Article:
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LVMH pulls out of Tiffany deal because of tariffs threat

Kristin Schwab Sep 9, 2020
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A customer wearing a face mask walks past shops of luxury brands Tiffany's and Guerin at a mall in Paris. Luxury goods sales are down during the pandemic. Alain Jocard/AFP via Getty Images

LVMH pulls out of Tiffany deal because of tariffs threat

Kristin Schwab Sep 9, 2020
Heard on:
A customer wearing a face mask walks past shops of luxury brands Tiffany's and Guerin at a mall in Paris. Luxury goods sales are down during the pandemic. Alain Jocard/AFP via Getty Images
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What was to be one of the biggest acquisitions in the luxury industry is now no more. LVMH, which owns brands like Louis Vuitton, Marc Jacobs and Fendi — is backing out on a $16.2 billion deal it signed with jewelry brand Tiffany & Co. about a year ago. 

LVMH said it’s because of U.S. tariffs on French goods, and Tiffany is suing the luxury group. But the effect the pandemic has been having on luxury goods may have helped the deal lose its luster.

Visiting the Tiffany’s flagship store on Fifth Avenue in New York can feel like going to a museum. Except everything is for sale and comes with a glass of champagne.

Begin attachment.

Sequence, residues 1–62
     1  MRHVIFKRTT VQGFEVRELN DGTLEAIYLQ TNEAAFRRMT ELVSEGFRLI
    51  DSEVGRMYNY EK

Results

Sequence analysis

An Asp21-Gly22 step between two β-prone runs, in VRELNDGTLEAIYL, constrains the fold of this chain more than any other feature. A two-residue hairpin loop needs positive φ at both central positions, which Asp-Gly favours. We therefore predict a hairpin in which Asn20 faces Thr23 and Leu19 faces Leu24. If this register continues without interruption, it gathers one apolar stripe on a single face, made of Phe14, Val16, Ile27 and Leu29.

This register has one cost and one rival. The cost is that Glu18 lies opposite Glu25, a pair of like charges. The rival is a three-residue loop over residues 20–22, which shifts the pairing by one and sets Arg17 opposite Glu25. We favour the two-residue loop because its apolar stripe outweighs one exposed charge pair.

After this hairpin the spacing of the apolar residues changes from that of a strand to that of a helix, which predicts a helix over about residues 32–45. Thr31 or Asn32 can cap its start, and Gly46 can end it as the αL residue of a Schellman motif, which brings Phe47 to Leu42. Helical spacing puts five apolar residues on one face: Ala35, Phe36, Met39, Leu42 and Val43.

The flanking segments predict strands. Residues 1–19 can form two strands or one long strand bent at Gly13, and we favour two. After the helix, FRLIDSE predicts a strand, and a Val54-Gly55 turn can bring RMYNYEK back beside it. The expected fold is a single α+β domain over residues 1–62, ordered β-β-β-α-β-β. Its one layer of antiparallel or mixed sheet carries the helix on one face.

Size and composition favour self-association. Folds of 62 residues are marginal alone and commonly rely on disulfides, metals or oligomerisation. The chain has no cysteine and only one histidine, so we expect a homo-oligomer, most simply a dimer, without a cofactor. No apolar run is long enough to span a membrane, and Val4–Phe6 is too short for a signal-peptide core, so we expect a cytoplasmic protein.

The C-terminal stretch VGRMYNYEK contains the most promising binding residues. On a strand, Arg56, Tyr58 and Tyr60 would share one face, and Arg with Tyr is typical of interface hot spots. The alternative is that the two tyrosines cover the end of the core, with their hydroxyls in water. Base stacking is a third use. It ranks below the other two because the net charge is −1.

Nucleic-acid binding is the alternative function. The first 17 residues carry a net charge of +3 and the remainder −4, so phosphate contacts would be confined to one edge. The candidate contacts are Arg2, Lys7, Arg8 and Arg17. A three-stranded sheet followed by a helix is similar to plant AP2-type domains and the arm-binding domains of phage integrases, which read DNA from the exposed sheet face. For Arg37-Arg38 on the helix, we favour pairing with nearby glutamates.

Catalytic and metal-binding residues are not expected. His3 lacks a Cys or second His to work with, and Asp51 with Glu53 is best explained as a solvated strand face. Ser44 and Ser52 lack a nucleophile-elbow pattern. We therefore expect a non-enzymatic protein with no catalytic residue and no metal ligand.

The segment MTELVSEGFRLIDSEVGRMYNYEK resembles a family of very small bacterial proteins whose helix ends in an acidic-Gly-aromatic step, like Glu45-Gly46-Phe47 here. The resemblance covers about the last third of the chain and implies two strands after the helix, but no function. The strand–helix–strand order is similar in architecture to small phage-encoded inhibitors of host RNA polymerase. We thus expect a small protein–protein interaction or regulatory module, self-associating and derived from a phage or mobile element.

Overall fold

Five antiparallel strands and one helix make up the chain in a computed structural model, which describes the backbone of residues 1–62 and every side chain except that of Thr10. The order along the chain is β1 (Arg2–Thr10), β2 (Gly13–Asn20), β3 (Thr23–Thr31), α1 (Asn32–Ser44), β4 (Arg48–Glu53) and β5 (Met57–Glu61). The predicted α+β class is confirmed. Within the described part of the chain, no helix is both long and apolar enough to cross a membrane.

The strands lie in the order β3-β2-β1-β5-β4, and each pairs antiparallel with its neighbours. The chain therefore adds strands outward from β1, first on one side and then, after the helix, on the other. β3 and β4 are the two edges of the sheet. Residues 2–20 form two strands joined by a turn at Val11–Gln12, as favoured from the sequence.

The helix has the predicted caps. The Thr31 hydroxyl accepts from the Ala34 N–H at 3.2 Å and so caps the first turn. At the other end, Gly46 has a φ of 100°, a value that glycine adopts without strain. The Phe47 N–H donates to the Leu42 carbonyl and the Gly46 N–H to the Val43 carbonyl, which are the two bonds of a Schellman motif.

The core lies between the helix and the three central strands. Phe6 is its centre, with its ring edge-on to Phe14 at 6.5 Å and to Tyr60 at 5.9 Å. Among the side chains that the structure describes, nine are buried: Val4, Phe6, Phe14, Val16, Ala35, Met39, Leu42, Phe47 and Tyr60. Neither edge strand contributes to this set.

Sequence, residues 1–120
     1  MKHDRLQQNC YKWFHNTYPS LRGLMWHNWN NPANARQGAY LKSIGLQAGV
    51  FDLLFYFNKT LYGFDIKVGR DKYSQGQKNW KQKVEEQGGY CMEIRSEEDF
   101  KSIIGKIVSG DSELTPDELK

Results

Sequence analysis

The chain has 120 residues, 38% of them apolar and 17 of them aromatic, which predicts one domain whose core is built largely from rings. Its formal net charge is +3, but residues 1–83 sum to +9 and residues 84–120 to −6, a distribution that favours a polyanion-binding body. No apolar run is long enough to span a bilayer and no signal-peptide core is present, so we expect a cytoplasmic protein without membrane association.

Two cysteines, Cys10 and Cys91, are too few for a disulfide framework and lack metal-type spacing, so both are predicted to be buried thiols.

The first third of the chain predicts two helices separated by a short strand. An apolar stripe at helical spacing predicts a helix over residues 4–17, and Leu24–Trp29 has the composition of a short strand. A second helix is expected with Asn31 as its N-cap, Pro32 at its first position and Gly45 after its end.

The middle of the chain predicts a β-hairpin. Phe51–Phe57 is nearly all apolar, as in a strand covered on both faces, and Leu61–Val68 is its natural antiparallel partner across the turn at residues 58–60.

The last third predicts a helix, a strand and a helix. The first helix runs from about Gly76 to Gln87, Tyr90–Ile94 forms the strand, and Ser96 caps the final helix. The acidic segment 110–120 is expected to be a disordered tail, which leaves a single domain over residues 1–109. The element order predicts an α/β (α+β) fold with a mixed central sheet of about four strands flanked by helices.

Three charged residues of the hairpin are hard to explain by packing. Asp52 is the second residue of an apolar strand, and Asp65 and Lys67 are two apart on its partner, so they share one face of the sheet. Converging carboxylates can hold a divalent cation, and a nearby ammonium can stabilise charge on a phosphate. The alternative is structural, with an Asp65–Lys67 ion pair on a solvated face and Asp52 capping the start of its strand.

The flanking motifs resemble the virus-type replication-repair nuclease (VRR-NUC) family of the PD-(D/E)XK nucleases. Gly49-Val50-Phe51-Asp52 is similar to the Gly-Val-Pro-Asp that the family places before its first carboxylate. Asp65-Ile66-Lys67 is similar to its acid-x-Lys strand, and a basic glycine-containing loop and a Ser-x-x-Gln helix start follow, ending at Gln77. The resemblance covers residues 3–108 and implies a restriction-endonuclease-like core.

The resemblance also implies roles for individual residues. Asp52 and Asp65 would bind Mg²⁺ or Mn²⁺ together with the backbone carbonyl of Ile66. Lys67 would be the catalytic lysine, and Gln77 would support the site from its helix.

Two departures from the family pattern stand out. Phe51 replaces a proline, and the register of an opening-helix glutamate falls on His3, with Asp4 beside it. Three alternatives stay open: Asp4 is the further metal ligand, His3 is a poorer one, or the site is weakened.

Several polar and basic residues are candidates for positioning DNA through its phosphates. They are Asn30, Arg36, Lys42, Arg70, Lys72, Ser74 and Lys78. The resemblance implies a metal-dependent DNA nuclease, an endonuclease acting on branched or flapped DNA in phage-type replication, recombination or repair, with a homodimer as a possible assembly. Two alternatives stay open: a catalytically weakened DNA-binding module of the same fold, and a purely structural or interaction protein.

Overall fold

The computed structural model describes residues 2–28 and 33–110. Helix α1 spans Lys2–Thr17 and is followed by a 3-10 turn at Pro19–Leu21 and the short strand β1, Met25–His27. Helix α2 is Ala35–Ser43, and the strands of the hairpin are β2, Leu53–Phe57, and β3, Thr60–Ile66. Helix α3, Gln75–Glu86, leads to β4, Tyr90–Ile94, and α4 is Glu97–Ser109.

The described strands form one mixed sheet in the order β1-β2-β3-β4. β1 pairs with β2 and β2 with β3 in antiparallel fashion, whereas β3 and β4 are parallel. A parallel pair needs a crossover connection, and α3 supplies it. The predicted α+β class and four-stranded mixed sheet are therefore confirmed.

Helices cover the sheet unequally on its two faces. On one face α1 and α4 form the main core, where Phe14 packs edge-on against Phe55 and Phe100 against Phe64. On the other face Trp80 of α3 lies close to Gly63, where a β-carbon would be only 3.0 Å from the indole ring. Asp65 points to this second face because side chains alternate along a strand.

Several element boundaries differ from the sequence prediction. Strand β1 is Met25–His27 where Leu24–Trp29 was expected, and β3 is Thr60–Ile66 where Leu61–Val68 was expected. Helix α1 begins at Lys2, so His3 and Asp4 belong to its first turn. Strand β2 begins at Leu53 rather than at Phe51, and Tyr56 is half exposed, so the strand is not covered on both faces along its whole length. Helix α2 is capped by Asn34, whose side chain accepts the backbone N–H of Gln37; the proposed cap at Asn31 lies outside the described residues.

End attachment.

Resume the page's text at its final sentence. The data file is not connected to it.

“A lot of consumers go to the store because they want that experience,” said Alexis DeSalva, senior research analyst at Mintel. “But also because a lot of luxury retailers don’t make it that easy to shop online.”

DeSalva said just 50% of luxury consumers have shopped online, compared to 80% of traditional retail. Part of that is because it’s harder for shoppers to justify dropping thousands of dollars without ever touching a product.

And during the pandemic, the in-store shopping experience has suffered. Tiffany’s revenues were down nearly 30% in the last quarter. And many luxury shoppers are tourists — tourism is another industry that’s been hurt by COVID-19.

“People will brag about where they bought their luxury goods,” said Joseph Nunes, a marketing professor at the University of Southern California. “They like to buy souvenirs that remind them of vacations or events.”

Let’s see, what’s a big event that involves jewelry that people are postponing right now? Weddings. 

“People are probably not heading to Tiffany’s for an engagement ring or an anniversary present,” DeSalva said.

COVID-19 aside, LVMH said in a statement that the French government wanted it to delay the deal because the United States is threatening to impose taxes on French products. 

“Part of it sounds like a strategy to wait out what’s gonna happen with the tariffs,” Nunes said, adding LVMH might try to come through later with another deal, likely at a lower price.

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